As a company, we have a mandate to interview racially diverse candidates for every position that we have open. We also are putting this responsibility on our service providers; if we’re spending money with you, we need to understand what your diversity numbers look like. Coming from the law firm service provider side, I know that when your clients start asking you those questions, you get better at bringing in more diverse candidates and hiring in more diversity. And when service providers hire more diverse candidates, it increases the pool from which we can hire. It’s all interconnected.
What advice would you offer to diverse founders or emerging leaders?
Connectivity is important. You need to find people you can connect to and speak with who have done or been involved in things that you want to do. Because they will help you in multiple ways, one of which is perspective. Sometimes when you are one of very few in an industry and something happens, you can take the view, ‘well this is happening to me because I’m one of very few in the industry.’ That could be the case, or it could just be the way things play out in a rough and tumble world. Sometimes it’s a mix of the two. People who have walked a similar path can offer valuable perspective.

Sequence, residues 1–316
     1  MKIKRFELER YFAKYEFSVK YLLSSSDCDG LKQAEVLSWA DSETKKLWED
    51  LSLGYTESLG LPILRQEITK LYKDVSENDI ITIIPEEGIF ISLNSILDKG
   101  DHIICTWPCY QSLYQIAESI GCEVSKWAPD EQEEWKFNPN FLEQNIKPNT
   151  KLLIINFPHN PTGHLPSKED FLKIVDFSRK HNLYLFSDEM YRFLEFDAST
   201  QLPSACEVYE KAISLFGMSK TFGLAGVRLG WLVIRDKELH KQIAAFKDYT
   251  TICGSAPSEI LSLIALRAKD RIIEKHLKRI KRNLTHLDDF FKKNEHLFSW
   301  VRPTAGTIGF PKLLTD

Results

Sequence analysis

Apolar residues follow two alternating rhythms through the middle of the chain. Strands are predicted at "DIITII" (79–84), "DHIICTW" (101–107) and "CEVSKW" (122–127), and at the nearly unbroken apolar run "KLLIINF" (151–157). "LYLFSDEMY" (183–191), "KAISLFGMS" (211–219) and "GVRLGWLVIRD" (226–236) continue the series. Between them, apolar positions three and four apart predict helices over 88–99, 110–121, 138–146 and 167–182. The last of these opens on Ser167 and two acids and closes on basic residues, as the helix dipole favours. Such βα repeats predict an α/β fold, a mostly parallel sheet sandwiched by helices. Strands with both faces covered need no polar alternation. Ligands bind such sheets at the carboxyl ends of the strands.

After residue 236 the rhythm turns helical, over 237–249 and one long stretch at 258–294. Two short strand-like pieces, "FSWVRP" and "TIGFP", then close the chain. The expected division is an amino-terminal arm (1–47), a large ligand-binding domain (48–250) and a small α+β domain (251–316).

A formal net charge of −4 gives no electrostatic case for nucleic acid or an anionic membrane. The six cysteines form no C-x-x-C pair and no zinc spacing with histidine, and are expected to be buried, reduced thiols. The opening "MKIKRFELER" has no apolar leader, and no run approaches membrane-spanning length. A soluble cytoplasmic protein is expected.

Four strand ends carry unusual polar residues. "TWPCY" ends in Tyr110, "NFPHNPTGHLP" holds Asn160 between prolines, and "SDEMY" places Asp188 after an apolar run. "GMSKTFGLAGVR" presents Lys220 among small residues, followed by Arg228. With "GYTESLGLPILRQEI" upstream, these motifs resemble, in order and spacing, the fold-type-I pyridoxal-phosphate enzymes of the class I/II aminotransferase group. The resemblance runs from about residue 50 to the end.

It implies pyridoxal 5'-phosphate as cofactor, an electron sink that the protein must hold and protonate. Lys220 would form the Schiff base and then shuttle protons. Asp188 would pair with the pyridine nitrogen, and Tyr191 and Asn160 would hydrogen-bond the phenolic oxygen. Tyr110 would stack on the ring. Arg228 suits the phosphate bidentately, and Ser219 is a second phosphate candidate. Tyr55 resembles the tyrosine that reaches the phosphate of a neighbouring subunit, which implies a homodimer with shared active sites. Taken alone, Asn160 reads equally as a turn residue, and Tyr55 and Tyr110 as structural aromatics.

The advice I’d give to anyone is that you have to just go, fight, and win. This is the playing field we’re on, and we are equipped to win while changing it. As industry leaders, of course we have to think about how to make this systemically better and create opportunities. But as individuals, we have to just do it. You’ve got to lead the charge where you are—go, fight, win.
I am encouraged by the level of intentionality that I am starting to see around race, because I have seen the industry really make strong inroads when they have been intentional on these issues. Women in biotech are a good example. By any measure, from leadership teams to board seats, the industry has made great progress over the last 15 years or so. There is a playbook and a roadmap for doing this—all we need to bring to bear is that level of intentionality.
First job? Grocery checkout clerk
Open book? The Midnight Library by Matt Haig and Where Do We Go from Here: Chaos or Community by Martin Luther King, Jr.
Motto? Go, fight, win
Best productivity tip? Prioritize. Know what needs to get done every day, ideally the night before
First thing you do in the morning? Give thanks for the day
What keeps you up at night? Execution
Best part of company building? Seeing a very diverse group of people come together around a common purpose to create wins for patients and investors
Click here to learn more about Annexon Biosciences.